Jökull Sólberg

Book cover
By Adam Tooze

This is an account of the 2008 Great Financial Crisis that any player will find hard to refute. The intention is to present things fact by fact. At the end of the day, it was China’s stimulus and the Fed’s secret swap lines to all foreign central banks that mattered that held things together. The current financial system lives to see another day. It’s the reserve preference of the US dollar that allowed the Fed to keep the current system in place.

The absence of a euro-dollar or a sterling-dollar currency crisis was one of the remarkable features of 2008. It was no accident. It was the swap lines that did the trick. What the Fed had done for money markets, the central banks now did for the global provision of dollar bank funding. They absorbed the currency mismatch of the European bank balance sheets directly onto their own accounts. Compensating public action ensured that private imbalances did not spill over into a general crisis.

This book was quite dense and challenging to read, but there is no other way to put together an accurate account of the crashing of the world’s global financial system. Understanding financial mechanics such as QE is necessary to grasp the response to GFC, especially the role of modern central banks and what tools are at their disposal:

How exactly quantitative easing works remains a subject of controversy.74 Large-scale purchasing of mainly short-term bonds drives up bond prices and thus reduces yields. Reduced short-term rates may help to lever down long-term rates and thus to stimulate investment. But that depends on there being businesses willing to invest, which cannot be taken for granted at a time of crisis. The most direct effect of QE comes via financial markets. As the central bank hoovers up bonds, it drives down yields, forcing asset managers to go in search of yields in other classes of assets. Switching out of bonds into stocks inflates the stock market, increasing the wealth of those with stock portfolios, tending to make them more willing to both invest and consume. This, to say the least, is an uncertain and indirect method of stimulating the economy. By boosting the wealth of already wealthy households, it is predestined to increase inequality. Low-income households have no way of participating in capital gains.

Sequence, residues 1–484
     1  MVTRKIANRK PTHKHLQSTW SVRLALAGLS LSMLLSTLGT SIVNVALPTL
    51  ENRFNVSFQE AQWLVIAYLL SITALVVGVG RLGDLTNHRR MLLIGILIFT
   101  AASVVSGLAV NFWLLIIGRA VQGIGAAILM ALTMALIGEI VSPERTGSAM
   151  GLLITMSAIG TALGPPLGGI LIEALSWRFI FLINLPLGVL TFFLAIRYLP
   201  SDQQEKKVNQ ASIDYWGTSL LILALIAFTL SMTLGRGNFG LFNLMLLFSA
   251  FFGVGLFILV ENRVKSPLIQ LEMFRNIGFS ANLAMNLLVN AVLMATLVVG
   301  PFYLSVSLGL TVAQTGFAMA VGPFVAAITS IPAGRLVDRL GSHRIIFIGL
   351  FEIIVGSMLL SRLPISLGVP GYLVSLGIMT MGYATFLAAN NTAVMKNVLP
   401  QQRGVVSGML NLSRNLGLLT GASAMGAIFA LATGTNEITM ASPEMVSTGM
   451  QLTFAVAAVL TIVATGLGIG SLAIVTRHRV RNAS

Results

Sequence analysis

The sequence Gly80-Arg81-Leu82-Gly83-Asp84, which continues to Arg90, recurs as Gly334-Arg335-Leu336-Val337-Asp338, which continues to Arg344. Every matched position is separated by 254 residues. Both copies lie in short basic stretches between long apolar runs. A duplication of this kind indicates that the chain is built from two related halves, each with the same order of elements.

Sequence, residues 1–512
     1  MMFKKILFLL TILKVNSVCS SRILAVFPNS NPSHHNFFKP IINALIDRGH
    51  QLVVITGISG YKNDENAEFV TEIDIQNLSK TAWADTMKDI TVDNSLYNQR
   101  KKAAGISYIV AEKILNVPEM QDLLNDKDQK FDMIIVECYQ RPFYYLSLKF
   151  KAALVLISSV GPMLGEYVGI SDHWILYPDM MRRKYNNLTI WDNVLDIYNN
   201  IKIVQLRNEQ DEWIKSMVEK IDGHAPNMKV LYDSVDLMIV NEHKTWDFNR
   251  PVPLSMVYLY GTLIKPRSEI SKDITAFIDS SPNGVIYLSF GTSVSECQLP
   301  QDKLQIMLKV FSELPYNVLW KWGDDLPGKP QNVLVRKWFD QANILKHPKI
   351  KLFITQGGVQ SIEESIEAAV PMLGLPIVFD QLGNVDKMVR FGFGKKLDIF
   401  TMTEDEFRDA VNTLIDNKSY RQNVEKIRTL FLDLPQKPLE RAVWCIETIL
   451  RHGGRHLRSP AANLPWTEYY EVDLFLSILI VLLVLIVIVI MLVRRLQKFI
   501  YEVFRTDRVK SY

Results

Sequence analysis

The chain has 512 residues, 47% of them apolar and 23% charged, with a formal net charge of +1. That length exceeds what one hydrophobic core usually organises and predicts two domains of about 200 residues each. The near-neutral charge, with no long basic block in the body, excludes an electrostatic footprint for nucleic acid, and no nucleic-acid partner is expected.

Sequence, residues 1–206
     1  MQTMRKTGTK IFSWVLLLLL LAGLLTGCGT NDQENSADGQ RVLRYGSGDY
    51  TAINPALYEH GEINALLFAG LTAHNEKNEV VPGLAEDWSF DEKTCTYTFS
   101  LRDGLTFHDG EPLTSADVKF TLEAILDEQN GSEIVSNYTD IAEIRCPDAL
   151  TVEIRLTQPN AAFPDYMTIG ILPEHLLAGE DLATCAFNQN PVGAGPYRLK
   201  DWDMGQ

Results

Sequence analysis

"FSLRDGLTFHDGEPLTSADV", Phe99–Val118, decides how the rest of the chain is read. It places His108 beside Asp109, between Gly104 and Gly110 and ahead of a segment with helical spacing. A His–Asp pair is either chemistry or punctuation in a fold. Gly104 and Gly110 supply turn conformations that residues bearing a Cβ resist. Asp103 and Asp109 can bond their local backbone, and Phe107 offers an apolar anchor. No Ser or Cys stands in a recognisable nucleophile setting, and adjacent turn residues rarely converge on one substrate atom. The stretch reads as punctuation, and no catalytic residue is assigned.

A comparison of the Chinese, US and EU responses explains a lot of the current tensions in the EU. The yellow vests in Paris must be viewed in light of the faint and delayed monetary responses from the ECB, enforced austerity and lack of fiscal transfers both between states but also classes within countries. The US has similar problems, but is at least a coherent monetary region.

Automatic stabilizers are the unsung heroes of modern fiscal policy. In the United States, no more than one third of federal government spending is discretionary. The rest is made up of mandatory expenditures required by existing “entitlements,” social programs such as unemployment and disability benefits, or retirement pensions.